Despite recent positive economic news, the economy faces various negatives that are already adversely affecting growth and could send the economy back into recession. Congress passed, and the president signed into law, a measure temporarily increasing the debt ceiling until May 18—delaying the possible shutdown of much of the federal government and the potential default on Treasury securities. Raising the debt ceiling only delays the potential harm to the economy.
With the debt ceiling temporarily lifted, the immediate threat is now sequestration, the automatic across-the-board cuts in most federal spending, set to occur on March 1 unless a budget agreement reduces federal spending or Congress pushes back or eliminates the deadline altogether. The threat of sequestration is already having an adverse effect on normal government operations and current economic activity.
The most visible example is the delayed deployment of the USS Harry S Truman to the Gulf, cutting the United States’ normal carrier presence in that part of the world from two to one. Although less visible, several government contractors have delayed hiring plans or have furloughed employees – creating an additional drag on the economy and potentially increasing the cost of many affected projects. Long-run planning and any associated cost savings go out the window when these companies are forced to react to the short-run machinations of federal budgeting.
Other recent construction-related economic news included:
- December total commercial construction spending: $885.0 billion (SAAR), +0.9% from November; +9.2% for the year. October and November numbers were revised up $8.0 billion and $11.0 billion, respectively; up 0.9% and 1.3% from their previously reported levels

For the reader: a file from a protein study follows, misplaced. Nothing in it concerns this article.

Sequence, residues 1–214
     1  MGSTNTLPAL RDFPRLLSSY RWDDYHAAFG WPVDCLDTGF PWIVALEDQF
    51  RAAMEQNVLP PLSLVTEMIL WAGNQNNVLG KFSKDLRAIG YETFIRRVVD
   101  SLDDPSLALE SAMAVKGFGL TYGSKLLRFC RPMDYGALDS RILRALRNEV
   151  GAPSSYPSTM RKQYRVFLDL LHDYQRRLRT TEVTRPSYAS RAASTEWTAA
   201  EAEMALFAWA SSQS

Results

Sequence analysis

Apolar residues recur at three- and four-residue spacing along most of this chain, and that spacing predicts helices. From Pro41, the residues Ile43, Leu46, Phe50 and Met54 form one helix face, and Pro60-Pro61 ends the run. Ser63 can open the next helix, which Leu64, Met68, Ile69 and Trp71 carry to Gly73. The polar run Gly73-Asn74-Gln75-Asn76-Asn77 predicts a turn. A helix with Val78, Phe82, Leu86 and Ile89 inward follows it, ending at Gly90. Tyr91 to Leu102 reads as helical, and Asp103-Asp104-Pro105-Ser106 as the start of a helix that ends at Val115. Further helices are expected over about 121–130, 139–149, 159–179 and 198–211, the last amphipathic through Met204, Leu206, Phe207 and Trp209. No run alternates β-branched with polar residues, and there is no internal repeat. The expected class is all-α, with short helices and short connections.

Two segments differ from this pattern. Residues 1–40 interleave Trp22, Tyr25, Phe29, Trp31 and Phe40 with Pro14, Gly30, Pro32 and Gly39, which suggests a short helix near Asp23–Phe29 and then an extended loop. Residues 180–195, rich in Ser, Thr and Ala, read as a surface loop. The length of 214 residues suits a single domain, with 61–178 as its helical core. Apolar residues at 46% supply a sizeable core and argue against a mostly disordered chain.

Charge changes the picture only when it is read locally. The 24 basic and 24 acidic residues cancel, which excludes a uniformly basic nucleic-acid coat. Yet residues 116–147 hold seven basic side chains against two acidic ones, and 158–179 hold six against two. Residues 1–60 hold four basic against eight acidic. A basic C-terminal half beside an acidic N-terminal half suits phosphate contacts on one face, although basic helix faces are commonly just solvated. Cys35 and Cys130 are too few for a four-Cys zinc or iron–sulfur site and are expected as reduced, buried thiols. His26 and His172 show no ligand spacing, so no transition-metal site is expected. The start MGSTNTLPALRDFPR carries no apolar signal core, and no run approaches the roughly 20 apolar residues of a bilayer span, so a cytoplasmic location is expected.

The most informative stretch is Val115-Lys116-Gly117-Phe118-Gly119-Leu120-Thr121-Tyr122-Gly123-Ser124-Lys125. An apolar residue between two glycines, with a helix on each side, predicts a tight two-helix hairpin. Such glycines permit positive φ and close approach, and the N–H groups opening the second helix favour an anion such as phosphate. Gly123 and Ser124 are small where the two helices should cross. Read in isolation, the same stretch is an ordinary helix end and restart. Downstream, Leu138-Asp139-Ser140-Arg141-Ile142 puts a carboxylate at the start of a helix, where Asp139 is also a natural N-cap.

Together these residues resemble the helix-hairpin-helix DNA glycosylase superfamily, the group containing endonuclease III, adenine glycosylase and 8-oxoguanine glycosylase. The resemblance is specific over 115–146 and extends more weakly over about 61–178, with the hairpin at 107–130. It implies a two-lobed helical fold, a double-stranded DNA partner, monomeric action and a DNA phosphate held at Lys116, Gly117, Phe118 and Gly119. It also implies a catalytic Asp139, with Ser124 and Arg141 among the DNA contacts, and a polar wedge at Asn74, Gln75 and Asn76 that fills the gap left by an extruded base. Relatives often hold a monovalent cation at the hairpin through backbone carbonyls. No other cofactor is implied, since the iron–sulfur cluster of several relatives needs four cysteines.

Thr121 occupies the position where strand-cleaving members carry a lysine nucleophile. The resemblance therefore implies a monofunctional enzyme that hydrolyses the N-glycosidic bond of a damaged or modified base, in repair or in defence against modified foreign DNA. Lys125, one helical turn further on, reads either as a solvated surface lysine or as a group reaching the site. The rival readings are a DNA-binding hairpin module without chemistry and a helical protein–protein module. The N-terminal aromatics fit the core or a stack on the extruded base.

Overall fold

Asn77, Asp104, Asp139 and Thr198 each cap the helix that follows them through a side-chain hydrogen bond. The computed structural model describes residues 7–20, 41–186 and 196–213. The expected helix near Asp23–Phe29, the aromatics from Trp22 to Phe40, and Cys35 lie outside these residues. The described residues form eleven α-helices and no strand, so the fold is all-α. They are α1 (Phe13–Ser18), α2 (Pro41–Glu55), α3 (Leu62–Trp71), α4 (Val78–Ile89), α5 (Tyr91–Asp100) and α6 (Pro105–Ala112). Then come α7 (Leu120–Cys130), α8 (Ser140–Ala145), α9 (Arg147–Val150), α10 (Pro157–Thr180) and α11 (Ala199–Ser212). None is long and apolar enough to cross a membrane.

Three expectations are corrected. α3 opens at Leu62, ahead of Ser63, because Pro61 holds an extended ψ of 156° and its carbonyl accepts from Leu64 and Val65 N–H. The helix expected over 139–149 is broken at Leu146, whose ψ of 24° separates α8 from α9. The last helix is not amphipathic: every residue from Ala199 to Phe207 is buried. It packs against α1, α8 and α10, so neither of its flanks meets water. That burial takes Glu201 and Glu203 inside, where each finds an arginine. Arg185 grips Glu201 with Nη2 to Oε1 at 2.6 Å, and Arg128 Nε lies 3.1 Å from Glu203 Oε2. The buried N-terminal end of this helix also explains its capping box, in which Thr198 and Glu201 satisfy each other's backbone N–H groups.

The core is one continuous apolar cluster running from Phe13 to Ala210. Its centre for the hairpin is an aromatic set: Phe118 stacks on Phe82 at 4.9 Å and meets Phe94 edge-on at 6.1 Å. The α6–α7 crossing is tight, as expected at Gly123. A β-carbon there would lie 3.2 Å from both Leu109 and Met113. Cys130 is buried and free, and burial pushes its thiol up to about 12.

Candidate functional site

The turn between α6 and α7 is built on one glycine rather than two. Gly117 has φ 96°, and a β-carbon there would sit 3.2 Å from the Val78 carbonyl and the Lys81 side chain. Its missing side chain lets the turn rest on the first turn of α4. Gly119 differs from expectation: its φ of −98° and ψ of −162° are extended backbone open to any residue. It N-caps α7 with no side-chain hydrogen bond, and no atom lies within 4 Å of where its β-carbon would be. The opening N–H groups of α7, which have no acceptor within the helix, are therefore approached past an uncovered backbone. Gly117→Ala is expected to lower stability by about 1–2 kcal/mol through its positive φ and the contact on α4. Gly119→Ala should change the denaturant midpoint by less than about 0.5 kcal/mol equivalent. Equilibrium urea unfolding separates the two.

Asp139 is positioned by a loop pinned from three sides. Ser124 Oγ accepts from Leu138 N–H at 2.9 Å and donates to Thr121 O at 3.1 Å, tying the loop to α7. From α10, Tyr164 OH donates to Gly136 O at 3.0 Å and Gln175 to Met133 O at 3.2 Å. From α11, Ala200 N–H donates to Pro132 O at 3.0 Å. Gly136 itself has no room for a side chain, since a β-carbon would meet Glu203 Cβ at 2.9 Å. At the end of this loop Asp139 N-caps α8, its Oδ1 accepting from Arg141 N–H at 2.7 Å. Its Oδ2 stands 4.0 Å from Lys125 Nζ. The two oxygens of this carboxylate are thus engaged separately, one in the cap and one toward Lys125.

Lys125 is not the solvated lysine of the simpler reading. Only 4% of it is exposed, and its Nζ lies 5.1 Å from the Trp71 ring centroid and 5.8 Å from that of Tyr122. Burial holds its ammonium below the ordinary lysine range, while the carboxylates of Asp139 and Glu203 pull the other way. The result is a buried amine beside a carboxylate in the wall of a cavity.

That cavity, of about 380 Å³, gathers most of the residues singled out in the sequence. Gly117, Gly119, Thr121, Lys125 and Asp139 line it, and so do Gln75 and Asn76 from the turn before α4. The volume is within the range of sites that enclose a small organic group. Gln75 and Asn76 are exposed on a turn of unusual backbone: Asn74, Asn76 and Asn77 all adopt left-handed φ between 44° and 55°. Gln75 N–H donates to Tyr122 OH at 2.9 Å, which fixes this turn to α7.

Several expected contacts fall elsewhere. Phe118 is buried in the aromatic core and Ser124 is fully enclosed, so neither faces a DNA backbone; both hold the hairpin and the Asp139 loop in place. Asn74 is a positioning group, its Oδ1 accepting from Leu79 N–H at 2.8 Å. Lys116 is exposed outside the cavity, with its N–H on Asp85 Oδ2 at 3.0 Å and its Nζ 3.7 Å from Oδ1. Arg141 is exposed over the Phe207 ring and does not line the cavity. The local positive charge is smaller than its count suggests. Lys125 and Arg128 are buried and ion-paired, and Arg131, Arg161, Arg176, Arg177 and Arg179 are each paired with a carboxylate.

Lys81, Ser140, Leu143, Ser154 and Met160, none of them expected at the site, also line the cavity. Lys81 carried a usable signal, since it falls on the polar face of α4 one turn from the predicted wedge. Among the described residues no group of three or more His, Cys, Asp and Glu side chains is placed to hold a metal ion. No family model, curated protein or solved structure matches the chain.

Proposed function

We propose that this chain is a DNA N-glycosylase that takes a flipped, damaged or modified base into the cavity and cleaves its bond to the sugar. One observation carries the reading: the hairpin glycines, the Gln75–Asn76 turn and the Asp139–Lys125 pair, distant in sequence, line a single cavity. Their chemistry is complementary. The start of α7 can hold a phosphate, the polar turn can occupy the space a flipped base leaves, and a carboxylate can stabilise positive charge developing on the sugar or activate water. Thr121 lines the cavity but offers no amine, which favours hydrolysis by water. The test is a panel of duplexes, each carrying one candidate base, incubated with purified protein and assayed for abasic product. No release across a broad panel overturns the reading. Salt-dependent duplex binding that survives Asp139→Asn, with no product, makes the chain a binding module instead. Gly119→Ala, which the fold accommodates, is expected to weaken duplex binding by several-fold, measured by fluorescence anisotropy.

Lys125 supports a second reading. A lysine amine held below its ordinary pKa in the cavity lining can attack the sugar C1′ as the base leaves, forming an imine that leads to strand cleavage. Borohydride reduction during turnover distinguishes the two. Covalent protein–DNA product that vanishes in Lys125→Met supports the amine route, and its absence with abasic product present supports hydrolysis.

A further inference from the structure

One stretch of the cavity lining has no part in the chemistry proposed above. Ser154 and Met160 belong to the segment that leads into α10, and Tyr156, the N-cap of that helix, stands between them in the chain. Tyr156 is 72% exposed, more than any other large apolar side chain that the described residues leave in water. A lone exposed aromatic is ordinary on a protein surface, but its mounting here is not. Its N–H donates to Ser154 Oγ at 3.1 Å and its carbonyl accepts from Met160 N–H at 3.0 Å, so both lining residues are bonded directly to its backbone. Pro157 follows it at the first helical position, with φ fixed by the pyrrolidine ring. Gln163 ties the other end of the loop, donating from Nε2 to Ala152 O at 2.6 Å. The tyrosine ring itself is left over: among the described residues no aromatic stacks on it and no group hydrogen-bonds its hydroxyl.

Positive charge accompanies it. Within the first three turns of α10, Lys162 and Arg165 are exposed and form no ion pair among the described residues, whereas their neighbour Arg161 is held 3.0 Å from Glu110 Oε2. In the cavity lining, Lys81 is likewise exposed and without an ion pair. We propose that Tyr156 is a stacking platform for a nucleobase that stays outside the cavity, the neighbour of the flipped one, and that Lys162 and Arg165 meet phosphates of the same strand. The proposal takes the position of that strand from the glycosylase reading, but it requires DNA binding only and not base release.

- Nonresidential building construction spending: $301.0 billion, +1.0% from November; +5.6% for the year. October and November numbers were revised up $3.0 billion and $2.2 billion, respectively; up 1.0% and 0.8% from their previously reported levels. Manufacturing construction spending rebounded after two months of relatively weak growth to increase 2.5% in December. For the year, it was up 17.2%
- Heavy engineering construction spending: $269.4 billion, -0.5% from November; +7.4% for the year. November was revised up $2.3 billion, up 0.9% from its previously reported level. Power construction spending increased 1.4% in December and was up 24.9% for the year
- New residential construction spending: $176.4 billion, +1.4% from November; +19.6% for the year
- Private construction spending increased $12.0 billion (+2.0%) from November, its tenth consecutive monthly increase (November, which was initially reported as a $1.0 billion decline, was revised up $13.1 billion); +16.1% for the year
- Public spending fell $4.0 billion (-1.4%) in December; -2.7% for the year
- The AIA Billings Index fell from 53.2 in November to 52.0 in December. Despite the decline, the index remained above 50, indicating increased billings, a positive sign for future commercial construction. It was the fifth month in a row with a reading above 50.
- The December Producer Price Index (PPI) for building materials prices (does not include labor costs) rose 0.3% (SA) after rising 0.1% in November and was up 2.7% from December 2011.
- An index of prices for inputs to nonresidential construction declined 0.3% (NSA) in December following a 1.3% drop in November. On a year-over-year basis, the index was up 0.8%.